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A step too far?

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PDR
903948.  Tue Apr 24, 2012 8:03 am Reply with quote

Apologies for the current bun link, but I heard this being discussed on R4's Today prog this morning. I can't help but thiunk that this really is a step too far - it would open the door to people claiming against motor insurance for any case where the crook drove to the crime. It could conceivably make it possible to sue Cowell's car insurer for the suffering inclicted by Have I Got X-Factor for You. The effect on insurance premiums would, I feel, be quite large.

What do people think?

PDR

 
Neotenic
903966.  Tue Apr 24, 2012 8:33 am Reply with quote

I think I'm going to be watching the outcome of this case with interest.

I think the idea that it could 'open the floodgates' is itself a step too far - I don't think, for example, a bank would try to claim for losses in a robbery through the insurance of the getaway driver. If nothing else, people driving away from crimes like that usually do so in a stolen, and therefore uninsured, vehicle.

I do think that if anyone was ever wondering why insurance policies are so cumbersomely worded, then this is a prime example of why that is the case.

My initial, knee-jerk feeling based on a thoroughly incomplete reading of the available facts is that the case will probably fail - at least any claim against a standard commercial vehicle insurance, anyway. If the policy had an indemnity element, however, that could be a different story.

Additionally, the insurer is currently shrouded in anonymity. If their identity becomes public knowledge, then I would imagine that the chances of the case being settled out of court to avoid the publicity would increase quite dramatically.

 
sally carr
903969.  Tue Apr 24, 2012 8:46 am Reply with quote

Having read the article (The Sun ugh!) it sounds like they have a case.

 
'yorz
903971.  Tue Apr 24, 2012 8:56 am Reply with quote

Maybe it's just me, but why stop there? Why not sue the drinks company for providing Worboys with the opportunity to drug prospective victims by spiking the contents of the bottles?

Neither vehicle nor the bottles were produced with the intent to have them used in the way they were in this case.

 
Neotenic
903972.  Tue Apr 24, 2012 9:01 am Reply with quote

Quote:
Having read the article (The Sun ugh!) it sounds like they have a case.


The only reason this may be so (read the Beeb one instead) is because a QC will be trying to exploit an ambiguity in the policy wording.

An analagous position would be suing a nightclub's insurer if you got glassed in the club on a Friday night. I'm not sure that's really the proper use of insurance at all, however emotive the case in question may be.

 
Arcane
903978.  Tue Apr 24, 2012 9:25 am Reply with quote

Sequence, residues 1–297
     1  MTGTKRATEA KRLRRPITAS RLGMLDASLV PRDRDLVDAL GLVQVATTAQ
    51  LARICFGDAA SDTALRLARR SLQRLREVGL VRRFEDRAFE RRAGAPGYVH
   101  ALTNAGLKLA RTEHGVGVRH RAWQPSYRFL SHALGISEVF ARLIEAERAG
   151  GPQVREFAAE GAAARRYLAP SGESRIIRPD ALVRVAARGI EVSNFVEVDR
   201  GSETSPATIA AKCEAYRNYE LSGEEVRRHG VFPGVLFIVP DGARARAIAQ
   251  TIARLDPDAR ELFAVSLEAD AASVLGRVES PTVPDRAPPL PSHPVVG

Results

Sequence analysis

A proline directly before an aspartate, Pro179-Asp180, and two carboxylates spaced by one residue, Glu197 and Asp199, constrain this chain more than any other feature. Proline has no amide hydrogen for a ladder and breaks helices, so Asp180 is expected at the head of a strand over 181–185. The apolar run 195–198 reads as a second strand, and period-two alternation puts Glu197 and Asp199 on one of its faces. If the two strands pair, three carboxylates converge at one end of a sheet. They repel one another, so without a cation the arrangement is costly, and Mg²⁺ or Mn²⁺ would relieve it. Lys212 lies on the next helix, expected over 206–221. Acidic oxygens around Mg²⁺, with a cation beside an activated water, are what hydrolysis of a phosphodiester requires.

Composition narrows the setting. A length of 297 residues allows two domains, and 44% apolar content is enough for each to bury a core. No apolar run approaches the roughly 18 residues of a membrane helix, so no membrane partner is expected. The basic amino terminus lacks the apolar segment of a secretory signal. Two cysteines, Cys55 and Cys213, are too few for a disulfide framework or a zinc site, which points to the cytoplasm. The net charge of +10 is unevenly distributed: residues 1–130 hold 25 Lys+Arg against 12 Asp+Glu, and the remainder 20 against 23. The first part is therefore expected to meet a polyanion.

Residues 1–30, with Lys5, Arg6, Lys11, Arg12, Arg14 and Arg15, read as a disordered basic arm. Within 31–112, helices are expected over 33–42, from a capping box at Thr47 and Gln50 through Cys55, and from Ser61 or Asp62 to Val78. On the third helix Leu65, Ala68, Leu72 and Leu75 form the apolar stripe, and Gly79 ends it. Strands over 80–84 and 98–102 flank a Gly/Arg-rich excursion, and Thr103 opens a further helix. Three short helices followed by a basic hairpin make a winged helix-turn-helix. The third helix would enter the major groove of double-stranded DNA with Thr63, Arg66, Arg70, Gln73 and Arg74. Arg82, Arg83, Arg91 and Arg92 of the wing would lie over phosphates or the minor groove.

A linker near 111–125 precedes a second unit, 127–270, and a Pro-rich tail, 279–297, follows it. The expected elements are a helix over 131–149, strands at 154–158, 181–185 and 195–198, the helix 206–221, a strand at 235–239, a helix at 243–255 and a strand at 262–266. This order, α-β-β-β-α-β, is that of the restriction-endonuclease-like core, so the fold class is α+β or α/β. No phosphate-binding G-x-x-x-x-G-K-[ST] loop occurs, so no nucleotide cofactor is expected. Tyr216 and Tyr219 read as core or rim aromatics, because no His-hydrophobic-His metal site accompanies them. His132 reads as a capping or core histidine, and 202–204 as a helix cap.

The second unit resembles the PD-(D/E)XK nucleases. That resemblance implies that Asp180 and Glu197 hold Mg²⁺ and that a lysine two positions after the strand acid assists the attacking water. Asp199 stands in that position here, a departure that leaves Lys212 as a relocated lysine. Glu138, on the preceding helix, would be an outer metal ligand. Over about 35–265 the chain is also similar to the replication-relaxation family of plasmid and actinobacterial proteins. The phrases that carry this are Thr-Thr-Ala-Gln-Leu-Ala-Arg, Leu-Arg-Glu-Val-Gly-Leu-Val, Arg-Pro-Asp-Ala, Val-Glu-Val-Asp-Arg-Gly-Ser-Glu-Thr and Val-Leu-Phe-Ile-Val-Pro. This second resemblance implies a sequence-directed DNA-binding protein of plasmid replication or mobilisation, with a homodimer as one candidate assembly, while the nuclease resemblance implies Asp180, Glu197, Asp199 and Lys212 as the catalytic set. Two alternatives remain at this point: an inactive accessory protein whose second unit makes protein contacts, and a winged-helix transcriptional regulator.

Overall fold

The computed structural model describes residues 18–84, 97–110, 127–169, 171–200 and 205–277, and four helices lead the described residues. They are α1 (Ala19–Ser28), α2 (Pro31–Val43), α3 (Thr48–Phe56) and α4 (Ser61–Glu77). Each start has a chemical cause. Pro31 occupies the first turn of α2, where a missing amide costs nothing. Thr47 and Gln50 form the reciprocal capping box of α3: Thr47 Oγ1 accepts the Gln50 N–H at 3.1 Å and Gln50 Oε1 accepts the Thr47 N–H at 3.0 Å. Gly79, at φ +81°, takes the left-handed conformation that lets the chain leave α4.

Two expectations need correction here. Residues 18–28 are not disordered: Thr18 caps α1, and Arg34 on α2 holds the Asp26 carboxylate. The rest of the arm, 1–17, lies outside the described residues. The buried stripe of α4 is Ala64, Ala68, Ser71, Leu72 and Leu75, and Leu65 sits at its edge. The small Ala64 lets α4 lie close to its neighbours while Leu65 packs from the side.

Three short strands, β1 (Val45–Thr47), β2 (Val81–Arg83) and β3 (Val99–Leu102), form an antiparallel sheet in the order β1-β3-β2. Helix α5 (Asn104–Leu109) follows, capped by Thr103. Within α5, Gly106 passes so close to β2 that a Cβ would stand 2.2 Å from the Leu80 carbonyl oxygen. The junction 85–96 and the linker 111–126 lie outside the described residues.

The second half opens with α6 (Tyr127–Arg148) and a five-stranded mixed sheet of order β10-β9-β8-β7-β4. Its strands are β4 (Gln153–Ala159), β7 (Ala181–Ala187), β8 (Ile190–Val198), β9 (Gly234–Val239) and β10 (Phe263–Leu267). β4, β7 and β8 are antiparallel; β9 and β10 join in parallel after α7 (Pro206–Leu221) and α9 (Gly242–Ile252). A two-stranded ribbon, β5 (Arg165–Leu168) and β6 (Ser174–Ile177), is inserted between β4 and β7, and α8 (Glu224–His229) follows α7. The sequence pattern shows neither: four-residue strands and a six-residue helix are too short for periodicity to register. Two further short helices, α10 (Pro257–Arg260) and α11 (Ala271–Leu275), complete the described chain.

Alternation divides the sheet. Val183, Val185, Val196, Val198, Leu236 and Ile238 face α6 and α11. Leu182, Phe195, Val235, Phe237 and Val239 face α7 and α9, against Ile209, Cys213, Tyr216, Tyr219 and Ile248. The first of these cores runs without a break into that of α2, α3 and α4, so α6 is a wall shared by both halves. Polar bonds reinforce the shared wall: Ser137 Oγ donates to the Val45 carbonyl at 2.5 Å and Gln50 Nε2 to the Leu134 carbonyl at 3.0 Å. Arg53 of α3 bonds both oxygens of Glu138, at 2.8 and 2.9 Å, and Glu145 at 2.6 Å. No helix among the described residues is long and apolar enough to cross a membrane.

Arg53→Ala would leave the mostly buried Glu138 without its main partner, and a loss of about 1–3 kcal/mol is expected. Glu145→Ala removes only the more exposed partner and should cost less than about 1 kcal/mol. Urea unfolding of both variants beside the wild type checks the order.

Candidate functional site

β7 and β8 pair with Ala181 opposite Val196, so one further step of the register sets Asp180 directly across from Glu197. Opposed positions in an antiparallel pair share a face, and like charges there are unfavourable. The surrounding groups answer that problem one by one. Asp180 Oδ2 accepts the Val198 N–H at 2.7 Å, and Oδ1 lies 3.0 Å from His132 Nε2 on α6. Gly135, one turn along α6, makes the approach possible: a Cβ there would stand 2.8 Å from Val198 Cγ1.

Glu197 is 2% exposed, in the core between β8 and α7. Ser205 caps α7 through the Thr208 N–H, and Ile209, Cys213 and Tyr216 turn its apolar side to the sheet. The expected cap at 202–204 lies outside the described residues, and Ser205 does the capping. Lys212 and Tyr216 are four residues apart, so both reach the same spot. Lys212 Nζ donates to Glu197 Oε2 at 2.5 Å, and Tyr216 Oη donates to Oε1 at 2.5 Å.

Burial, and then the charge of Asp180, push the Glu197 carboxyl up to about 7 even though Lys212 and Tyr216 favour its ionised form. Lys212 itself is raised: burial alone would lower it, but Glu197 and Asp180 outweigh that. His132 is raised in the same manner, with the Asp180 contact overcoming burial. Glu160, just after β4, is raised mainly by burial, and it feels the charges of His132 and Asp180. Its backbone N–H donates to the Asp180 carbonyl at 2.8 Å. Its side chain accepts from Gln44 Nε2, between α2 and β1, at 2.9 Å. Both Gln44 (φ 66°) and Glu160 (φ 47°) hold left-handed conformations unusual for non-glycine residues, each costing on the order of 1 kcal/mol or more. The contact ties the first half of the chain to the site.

http://www.couriermail.com.au/news/queensland/compensation-claim-fears-cramp-students-after-classmate-sues-girl-over-tennis-mishap/story-e6freoof-1226336557842

And you have things like this occurring, where a child gets sued after another child is hit in the face by a tennis ball or two. And the tennis company. And the school.

Who invented tennis? SUE THEM TOO!

 
Strawberry
903981.  Tue Apr 24, 2012 9:32 am Reply with quote

Harry Gem and Augurio Perera invented tennis. Gem died in 1881 and it isn't know what happened to Perera after 1881, so it might be a bit difficult to sue them.

 
Neotenic
903983.  Tue Apr 24, 2012 9:40 am Reply with quote

An additional thing for people to consider here is that the victims of Worboys will already have been eligible for Compensation from CICA, and reading that document would suggest that they would be entitled to a minimum of 11,000.

Of course, it's very difficult to put a cold, hard, cash sum on the value of a severly traumatic event - but even so, I do wonder precisely where the boundary lies between adequate recompense and money-grabbing. I do wonder whether the particular emotiveness of this particular case may have allowed that boundary to become a little blurred.

 
'yorz
903984.  Tue Apr 24, 2012 9:41 am Reply with quote

Here's a claim waiting to happen too, then...

 
'yorz
903986.  Tue Apr 24, 2012 9:46 am Reply with quote

Neotenic wrote:
I do wonder precisely where the boundary lies between adequate recompense and money-grabbing.

Indeed. And I wonder whether the victims came up with this idea of sueing the cab company or their solicitors. I wouldn't be surprised if it proves to be the latter. To me, it is such a stretch - it wouldn't have occurred to me.

 
Arcane
903991.  Tue Apr 24, 2012 10:02 am Reply with quote

Strawberry wrote:
Harry Gem and Augurio Perera invented tennis. Gem died in 1881 and it isn't know what happened to Perera after 1881, so it might be a bit difficult to sue them.


Sigh. I was joking, making an ironic post.

 
Strawberry
903994.  Tue Apr 24, 2012 10:13 am Reply with quote

(i wasn't being completely serious either. But i do have Asperger's so i can't always tell when people are joking.)


Last edited by Strawberry on Wed Sep 26, 2012 12:44 pm; edited 1 time in total

 
Jenny
904002.  Tue Apr 24, 2012 11:15 am Reply with quote

There's a simple explanation for this case - the insurance company has deep pockets.

 
'yorz
904007.  Tue Apr 24, 2012 11:47 am Reply with quote

I understand that, but it would set a precedent, wouldn't it? And that could hit the smaller companies as well.

 
swot
904015.  Tue Apr 24, 2012 12:19 pm Reply with quote

Strawberry wrote:
(i wasn't being completly serious either. But i do have Asperger's so i can't always tell when people are joking.)


If it helps, I figured you were just joking back, albeit in a factually accurate manner.

 

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